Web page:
• Prepare to act.  Focus on your goals.  It’s important to be clear about what you can afford and what your absolute must-have’s are in a home on the outset so you can act quickly when you are ready to make an offer. Realize you may not have time to sleep on it.  You should always have a running list of top 3 favorite homes so if you lose out on one, you can go for your backup.  Once an offer is submitted, stay in close contact with your agent as the seller may counter your offer and require a short time frame to respond.
  • Be ready to compete for that home you want.  It’s understandable that you would want to start low.  After all, buyers want to spend the least amount of money as possible on a home. But in a tight market, most homes will likely have at least one other competing offer.  Starting too low will likely cause you to lose out on the house you want.  You run the risk of being disregarded as ignorant about the market or insulting to the seller. Recognize the market conditions you are in. The last thing you want is for your offer to end up in the trash bin. And bear in mind, in a multiple offer situation, be prepared to submit your highest and best offer.  Decide ahead of time how high you are willing to go to get your desired house and what you are not willing to compromise on.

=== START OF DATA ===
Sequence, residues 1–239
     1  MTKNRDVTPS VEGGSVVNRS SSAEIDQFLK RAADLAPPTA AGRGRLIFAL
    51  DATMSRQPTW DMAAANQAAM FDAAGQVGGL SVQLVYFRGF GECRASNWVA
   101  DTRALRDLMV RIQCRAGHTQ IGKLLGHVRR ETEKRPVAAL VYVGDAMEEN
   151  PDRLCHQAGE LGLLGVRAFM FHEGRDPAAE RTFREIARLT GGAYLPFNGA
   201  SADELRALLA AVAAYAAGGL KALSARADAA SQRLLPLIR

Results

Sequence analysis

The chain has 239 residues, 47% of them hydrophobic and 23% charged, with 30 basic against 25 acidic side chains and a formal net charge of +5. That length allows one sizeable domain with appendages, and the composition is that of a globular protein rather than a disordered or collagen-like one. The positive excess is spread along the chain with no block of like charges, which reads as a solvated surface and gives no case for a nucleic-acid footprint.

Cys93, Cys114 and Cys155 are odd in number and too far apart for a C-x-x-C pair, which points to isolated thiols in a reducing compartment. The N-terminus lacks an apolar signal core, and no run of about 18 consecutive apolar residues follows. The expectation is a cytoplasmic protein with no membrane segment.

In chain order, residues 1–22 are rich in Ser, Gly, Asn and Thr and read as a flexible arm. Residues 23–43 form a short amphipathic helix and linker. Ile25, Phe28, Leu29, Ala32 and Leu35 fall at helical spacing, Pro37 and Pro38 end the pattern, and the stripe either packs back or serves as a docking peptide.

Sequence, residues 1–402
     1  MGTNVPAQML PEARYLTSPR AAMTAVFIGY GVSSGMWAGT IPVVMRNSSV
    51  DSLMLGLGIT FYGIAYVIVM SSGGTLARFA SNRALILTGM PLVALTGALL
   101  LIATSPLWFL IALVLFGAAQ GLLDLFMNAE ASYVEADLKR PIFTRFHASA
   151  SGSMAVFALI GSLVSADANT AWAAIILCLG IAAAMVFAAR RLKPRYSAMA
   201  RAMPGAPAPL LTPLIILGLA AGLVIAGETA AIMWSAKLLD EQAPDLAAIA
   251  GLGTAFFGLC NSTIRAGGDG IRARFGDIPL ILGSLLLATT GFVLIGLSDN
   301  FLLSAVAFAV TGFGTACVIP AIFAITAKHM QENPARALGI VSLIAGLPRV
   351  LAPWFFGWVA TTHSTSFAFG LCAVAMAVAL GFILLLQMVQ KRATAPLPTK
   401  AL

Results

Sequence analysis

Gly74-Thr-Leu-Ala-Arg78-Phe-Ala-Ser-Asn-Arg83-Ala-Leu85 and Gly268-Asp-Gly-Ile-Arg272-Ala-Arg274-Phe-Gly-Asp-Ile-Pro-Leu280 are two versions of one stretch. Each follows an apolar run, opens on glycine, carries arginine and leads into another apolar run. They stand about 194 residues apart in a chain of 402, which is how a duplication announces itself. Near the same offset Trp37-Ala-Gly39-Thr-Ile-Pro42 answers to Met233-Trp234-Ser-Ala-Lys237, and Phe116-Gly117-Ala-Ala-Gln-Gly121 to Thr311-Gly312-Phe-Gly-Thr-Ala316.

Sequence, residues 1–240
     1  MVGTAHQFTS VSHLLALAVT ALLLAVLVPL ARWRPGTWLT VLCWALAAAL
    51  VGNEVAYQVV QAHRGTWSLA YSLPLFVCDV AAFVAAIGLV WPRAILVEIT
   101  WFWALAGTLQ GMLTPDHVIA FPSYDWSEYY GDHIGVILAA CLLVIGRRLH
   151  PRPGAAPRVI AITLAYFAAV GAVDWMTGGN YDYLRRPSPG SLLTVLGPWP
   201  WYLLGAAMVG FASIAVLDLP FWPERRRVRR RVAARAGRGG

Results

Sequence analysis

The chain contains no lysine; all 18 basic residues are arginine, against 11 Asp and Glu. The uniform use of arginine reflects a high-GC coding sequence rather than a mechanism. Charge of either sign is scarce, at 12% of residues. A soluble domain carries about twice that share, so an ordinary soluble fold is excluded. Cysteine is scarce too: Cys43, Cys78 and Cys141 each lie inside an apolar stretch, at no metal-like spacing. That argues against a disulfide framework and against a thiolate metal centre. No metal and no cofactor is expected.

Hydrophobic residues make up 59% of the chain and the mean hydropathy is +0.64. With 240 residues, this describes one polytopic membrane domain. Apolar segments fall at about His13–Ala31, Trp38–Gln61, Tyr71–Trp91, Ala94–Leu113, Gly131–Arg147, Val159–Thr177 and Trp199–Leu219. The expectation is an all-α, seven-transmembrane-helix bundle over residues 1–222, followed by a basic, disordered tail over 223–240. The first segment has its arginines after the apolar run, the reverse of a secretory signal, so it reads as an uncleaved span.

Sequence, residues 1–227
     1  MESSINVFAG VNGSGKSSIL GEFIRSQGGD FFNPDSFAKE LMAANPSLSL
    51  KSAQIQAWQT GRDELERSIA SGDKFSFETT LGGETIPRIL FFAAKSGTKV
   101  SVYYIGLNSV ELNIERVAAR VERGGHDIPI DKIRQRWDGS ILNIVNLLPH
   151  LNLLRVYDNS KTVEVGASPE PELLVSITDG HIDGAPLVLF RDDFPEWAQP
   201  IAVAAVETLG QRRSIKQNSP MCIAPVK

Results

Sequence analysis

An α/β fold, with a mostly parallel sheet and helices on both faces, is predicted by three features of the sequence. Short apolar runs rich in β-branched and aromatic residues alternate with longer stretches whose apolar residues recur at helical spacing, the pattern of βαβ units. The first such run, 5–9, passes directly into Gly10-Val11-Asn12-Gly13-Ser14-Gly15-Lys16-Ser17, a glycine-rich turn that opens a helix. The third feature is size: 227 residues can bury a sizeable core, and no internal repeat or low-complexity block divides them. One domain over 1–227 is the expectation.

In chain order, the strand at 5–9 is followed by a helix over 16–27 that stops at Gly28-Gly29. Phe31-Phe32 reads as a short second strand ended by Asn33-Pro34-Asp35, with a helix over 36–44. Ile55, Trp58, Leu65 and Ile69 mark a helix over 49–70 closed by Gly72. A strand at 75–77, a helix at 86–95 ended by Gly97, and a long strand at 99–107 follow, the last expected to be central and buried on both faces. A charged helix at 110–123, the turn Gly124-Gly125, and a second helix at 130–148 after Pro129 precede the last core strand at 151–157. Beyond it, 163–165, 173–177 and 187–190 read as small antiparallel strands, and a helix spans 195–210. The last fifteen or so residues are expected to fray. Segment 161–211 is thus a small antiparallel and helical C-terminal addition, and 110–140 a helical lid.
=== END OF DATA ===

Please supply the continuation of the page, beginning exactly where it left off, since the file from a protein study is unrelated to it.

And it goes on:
• Keep concessions to a minimum. Asking for the seller to pay some or all of your closing costs will make your offer less appealing. The more you ask for, the better your competition’s offer looks.  It won’t take much for someone else to beat out your offer and snatch the home you want.  Remember, there are many other buyers looking at the same properties you are looking at.  Whatever made you want to see that home is likely the same thing that attracted your competition to see it.
  • Letter to the Seller. This is optional when submitting offers. However, when competing with other offers, a personal letter may be the thing that tips the scale in your favor and will help it to stand out and has proven to be successful.

Buying a home in a hot market can be a bit of a rollercoaster. Give yourself some grace during this process. Buying a home is possible in hot markets as long as you understand what the process entails.

Your real estate agent is there to guide you throughout this journey, negotiate on your behalf, and give you the information you need to make educated decisions along the way.

I hope you find these tips helpful.  This and more information about the homebuying process are included in my buyer guide.  If you would like to get a copy, feel free to make your request via my contact form.